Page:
Not surprisingly, their efforts have paid off. Software revenue rose 9% in Q4. Pre-tax income for the segment rose 12% during the same period, reflecting higher margins. Customers seem to appreciate IBM's emphasis on using software not just to connect systems but also to provide analytics and intelligence.

Now contrast this story with the one you heard from Oracle (Nasdaq: ORCL  ) in mid-December. New hardware systems sales fell 14% while new software license revenue inched up just 3% in constant currency.  Revenue came in about $400 million short of estimates. EPS came in $0.03 light. Quarterly guidance also came in slightly lower than expected. Average software results couldn't overcome a dismal hardware performance. I'm glad I sold Oracle when I did.

Making the call: Buy
As I see it, both Microsoft and Oracle are stuck trying to squeeze as much as they can from lucrative yet aging markets. IBM, on the other hand, is transitioning, forging a path forward that includes a variety of profit-making initiatives that align well with IT priorities. I'm a long-term owner of IBM shares and have been bullish on the stock in CAPS since 2006 and remain as confident as ever. Buy if you don't already own this stock and you need a dividend-paying tech play in your portfolio.

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Fool contributor Tim Beyers is a member of the Motley Fool Rule Breakers stock-picking team. He owned shares of IBM at the time of publication. Check out Tim's web home, portfolio holdings and Foolish writings, or connect with him on Google+ or Twitter, where he goes by @milehighfool. You can also get his insights delivered directly to your RSS reader.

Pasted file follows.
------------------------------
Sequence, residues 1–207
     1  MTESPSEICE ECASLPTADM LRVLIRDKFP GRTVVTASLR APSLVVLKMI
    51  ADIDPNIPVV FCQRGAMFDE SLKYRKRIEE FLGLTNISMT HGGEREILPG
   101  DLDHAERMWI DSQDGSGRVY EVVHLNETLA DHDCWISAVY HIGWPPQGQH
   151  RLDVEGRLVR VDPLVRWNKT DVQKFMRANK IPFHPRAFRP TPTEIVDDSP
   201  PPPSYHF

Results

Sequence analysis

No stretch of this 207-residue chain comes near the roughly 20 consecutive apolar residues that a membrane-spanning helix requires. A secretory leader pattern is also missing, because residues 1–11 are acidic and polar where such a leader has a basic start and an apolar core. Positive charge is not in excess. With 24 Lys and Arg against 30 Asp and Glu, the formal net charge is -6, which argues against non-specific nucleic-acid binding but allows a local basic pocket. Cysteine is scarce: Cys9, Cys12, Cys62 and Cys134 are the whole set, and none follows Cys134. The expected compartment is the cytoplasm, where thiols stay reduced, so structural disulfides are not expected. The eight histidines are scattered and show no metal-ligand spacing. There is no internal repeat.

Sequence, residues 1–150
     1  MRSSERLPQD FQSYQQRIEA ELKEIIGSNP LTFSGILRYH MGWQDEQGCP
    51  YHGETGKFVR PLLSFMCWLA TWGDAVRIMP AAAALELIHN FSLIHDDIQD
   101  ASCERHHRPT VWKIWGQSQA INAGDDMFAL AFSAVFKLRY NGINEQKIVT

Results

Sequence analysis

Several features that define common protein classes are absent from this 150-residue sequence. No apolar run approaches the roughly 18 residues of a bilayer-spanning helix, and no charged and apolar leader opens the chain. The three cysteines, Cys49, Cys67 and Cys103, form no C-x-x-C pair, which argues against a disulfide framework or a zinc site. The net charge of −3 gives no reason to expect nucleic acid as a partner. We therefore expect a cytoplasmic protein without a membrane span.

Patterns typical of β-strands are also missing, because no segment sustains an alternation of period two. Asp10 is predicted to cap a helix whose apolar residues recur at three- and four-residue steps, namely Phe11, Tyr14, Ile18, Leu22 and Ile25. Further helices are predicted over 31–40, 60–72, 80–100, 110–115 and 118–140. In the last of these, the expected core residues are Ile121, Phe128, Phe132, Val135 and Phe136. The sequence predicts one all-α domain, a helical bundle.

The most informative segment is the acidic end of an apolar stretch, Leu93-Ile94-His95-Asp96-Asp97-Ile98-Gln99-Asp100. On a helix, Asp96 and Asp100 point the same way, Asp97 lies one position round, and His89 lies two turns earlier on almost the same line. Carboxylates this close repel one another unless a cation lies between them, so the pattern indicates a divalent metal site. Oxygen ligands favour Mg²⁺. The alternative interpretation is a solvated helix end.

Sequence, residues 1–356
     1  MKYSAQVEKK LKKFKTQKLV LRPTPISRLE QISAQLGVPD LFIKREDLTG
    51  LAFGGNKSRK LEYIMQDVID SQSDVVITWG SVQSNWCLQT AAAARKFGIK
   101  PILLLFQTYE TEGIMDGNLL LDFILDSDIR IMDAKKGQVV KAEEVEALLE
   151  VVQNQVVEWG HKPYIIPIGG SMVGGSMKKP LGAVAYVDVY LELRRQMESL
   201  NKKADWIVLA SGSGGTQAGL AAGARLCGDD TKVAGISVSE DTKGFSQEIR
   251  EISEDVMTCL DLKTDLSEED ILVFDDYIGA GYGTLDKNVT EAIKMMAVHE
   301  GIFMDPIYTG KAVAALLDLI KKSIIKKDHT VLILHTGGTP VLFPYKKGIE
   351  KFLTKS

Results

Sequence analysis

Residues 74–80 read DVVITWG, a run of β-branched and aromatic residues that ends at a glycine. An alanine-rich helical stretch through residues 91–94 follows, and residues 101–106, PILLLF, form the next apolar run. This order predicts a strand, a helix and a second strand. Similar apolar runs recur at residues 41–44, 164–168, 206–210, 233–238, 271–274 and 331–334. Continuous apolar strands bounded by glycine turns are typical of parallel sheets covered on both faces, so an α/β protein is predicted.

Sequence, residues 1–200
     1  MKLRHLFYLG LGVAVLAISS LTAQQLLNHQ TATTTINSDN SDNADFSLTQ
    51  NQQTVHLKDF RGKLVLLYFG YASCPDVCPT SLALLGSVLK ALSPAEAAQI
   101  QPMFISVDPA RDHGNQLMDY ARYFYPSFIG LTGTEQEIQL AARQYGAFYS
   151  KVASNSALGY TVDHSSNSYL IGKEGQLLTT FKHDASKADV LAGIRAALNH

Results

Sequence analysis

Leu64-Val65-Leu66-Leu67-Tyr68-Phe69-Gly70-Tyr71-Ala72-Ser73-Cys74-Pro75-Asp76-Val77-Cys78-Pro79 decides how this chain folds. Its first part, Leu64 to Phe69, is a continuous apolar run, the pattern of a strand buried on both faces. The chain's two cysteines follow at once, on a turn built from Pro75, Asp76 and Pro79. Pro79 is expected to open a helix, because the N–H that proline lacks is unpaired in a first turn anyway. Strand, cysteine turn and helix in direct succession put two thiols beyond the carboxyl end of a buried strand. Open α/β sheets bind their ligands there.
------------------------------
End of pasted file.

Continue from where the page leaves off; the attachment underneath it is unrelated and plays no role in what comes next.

The Motley Fool owns shares of IBM and Oracle. Try any of our Foolish newsletter services free for 30 days. We Fools may not all hold the same opinions, but we all believe that considering a diverse range of insights makes us better investors. The Motley Fool has a disclosure policy.

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  • Report this Comment On January 24, 2012, at 9:19 AM, joetemple wrote:

    I read this with interest. One smallish point: Cloud computing is not about the underlying hardware infrastructure that supports the service provided, it is about the service itself and the fact that the user does not deal with the infrastructure at all unless the service is providing "infrastructure as a service".

    There is and always has been a strong trend toward a better deal over time. Cloud does not drive it; cloud solutions ride it. "A better deal" is in the eyes of the beholder and the view is driven by a myriad of local factors including momentum and legacy. Otherwise the industry would have long since standardized on a platform of choice.